Artists now have access to a centralized repository of information to assist them in making intelligent choices about the materials they use. This newly created resource is The Art Materials Information and Education Network (AMIEN). Its mission is to provide comprehensive, up-to-date, accurate and impartial information about artists’ materials to artists, art historians, conservators, educators, organizations interested in the subject, and the general public. Two areas of focus are to provide these groups with access to regular educational programs in materials education and conduct materials research.
AMIEN is freely accessible via e-mail, telephone, ordinary mail, fax, and through its stand-alone Web site. The Web site, which launched in December 2006, hosts a forum for discussion and publishes papers of interest to its constituents. In addition, AMIEN plans to publish short articles and pamphlets in printed formats for distribution to its clients. All Internet services are free, while other services have a nominal fee to cover costs.
AMIEN is co-directed by Albert Albano, Executive Director of The Intermuseum Conservation Association (ICA) and Mark Gottsegen, artist, educator and author. Albano and Gottsegen have had extensive experience in art conservation, materials education, and interactive assistance for artists. Their spheres of interaction and communication encompass the entire art world of artists, conservators, art historians, conservation scientists, and the manufacturers of art materials.
Albano has worked, lectured, and published in the field of art conservation and preservation since 1976 as a conservation apprentice to Orin Riley, paintings conservator at the Solomon R. Guggenheim Museum, New York, NY; graduate of the Cooperstown Graduate Conservation Program; Associate Conservator at the Philadelphia Museum of Art, PA; Senior Conservator at the Museum of Modern Art, New York, NY; and Director of Conservation at Winterthur Museum and Garden, DE.
Gottsegen is a graduate of The University of Rochester and Boston University, where he studied with Philip Guston and James Weeks. Mark has been a drawing and painting teacher since 1976 at the University of North Carolina at Greensboro, and a writer and researcher about art materials since 1975 [The Painter’s Handbook (revised, expanded, and illustrated), 2nd Edition, Watson-Guptill Publications, 2006, is the latest edition]. He has been a member of ASTM D01.57 on Artists’ Paints and Related Materials (ASTM International) since 1978 and Chairman since 1994, has given numerous public talks regarding art materials since 1980, and has participated in symposia and on panels across the US and in Europe.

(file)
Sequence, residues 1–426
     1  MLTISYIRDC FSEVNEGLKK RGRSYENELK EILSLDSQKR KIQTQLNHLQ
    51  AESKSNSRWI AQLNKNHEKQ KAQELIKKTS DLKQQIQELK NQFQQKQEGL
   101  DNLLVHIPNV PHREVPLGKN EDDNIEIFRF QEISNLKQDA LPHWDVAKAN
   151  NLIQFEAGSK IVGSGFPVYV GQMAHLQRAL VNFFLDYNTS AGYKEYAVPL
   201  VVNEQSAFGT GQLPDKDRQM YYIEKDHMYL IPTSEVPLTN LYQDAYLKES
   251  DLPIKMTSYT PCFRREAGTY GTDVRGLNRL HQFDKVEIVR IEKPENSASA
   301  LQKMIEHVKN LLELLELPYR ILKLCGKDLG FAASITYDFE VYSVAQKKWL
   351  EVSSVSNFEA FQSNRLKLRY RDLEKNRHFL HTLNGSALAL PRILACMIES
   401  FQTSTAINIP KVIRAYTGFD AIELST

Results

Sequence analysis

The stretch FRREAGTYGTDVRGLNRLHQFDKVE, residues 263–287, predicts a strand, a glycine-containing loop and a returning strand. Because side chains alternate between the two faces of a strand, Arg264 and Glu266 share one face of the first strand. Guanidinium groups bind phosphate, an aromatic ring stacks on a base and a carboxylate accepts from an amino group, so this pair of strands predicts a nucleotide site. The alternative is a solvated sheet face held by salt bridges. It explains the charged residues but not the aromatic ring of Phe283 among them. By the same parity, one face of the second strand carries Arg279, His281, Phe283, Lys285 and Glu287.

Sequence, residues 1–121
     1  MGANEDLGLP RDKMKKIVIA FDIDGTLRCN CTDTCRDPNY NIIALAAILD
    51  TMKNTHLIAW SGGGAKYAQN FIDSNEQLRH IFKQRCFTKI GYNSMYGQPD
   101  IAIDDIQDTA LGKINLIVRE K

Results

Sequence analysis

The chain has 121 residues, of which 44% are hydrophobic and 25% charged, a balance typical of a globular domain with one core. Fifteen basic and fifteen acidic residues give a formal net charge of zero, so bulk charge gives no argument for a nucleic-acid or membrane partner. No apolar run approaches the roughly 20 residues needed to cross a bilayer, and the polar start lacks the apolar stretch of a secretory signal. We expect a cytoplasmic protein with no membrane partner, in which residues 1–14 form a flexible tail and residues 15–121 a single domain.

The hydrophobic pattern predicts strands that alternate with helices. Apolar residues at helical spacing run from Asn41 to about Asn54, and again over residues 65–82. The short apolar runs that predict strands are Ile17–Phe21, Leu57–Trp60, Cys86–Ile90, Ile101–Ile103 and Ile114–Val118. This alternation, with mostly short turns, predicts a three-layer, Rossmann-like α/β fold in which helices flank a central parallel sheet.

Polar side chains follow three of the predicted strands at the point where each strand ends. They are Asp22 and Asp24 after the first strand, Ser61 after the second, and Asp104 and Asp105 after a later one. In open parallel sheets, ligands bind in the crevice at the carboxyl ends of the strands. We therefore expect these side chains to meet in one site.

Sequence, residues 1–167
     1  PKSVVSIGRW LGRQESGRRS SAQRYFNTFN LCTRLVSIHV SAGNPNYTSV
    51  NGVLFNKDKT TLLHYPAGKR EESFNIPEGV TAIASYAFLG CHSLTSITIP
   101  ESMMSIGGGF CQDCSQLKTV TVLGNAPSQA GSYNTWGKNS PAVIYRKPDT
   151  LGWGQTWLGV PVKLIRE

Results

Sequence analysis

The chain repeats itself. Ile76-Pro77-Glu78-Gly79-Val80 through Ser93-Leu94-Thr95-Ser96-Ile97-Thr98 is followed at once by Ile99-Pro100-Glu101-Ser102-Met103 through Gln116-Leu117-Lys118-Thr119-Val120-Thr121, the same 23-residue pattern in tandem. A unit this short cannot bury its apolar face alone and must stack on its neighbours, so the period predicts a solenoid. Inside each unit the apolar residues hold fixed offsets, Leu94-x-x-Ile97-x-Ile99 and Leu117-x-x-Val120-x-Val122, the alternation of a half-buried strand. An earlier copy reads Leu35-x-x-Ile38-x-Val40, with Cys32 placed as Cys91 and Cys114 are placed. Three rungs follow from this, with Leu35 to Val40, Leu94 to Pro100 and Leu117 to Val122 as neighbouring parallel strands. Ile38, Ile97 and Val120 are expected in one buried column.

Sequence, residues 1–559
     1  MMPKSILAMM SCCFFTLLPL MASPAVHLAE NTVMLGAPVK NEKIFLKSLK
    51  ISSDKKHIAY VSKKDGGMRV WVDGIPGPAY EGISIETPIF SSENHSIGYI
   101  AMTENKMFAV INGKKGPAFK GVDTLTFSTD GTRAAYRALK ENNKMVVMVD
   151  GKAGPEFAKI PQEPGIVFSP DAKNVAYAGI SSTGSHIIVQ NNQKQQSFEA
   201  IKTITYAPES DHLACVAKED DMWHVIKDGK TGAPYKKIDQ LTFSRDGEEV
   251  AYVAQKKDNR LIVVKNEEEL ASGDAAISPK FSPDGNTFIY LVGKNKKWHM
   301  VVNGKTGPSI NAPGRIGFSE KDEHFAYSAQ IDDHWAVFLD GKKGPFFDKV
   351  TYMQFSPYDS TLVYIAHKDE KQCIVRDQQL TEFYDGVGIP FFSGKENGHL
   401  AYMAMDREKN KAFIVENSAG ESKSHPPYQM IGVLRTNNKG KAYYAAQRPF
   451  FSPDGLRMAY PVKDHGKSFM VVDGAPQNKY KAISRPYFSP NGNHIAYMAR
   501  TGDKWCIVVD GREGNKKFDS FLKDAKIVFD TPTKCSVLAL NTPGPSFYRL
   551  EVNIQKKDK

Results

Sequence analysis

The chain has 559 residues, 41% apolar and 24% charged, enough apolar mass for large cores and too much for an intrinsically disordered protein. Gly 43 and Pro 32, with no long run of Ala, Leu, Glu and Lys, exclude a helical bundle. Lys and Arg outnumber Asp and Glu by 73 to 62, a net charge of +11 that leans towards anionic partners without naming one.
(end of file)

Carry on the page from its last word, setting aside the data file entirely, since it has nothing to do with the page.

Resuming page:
AMIEN will continue research programs begun by Gottsegen in 1978 in partnership with ASTM International (the American Society for Testing Materials), state and federal government agencies/groups, and private foundations, as well as initiate new research.
The creation of this resource was inspired by the Co-Directors’ observations of the current state of materials information access. Art materials education, once a vital part of a young artist’s training, has been severely curtailed. New materials used for the creation of artwork are being introduced at a rapid rate. In addition, artists are constantly choosing new materials outside the traditional range of art materials and have limited resources for understanding their properties. Until the late 1990s, most information about art materials was found in books, which were often inaccurate or already outdated by the time of publication. With the advent of the Internet, information about materials can be circulated but there is no impartial mechanism for verification of posted statements from artists or manufacturers. Other vital information is published in venues not readily available or known to artists, such as the journals of the American Institute of Conservation (Washington, D.C.) and the International Institute for Conservation (London, UK).
AMIEN is a non-profit organization under the auspices of the Intermuseum Conservation Association’s 501 (c)(3) structure. The ICA is the nation’s oldest regional art conservation/ preservation services provider. Founded in 1952 at Oberlin, Ohio, the ICA has made significant contributions in conservation and preservation education and research (www.ica-artconservation.org). ICA Association membership has included the region’s largest collecting institutions. Its current membership is comprised of more than 44 museums and historical societies, and it provides conservation consultation and services to numerous other clients. Its staff of over 20 full-time and adjunct conservators, technicians, and support staff are capable of treating the entire gamut of works of art: works on paper, books, paintings, sculpture, furniture, textiles, and objects. Now located in a National Historic Register building near downtown Cleveland, Ohio, the ICA has significantly increased its visibility and its accessibility.
1 AMIEN is a non-profit part of the Intermuseum Conservation Association, 2915 Detroit Avenue, Cleveland, Ohio, 44113 USA p 336-707-3647, f 336-334-5270, www.amien.org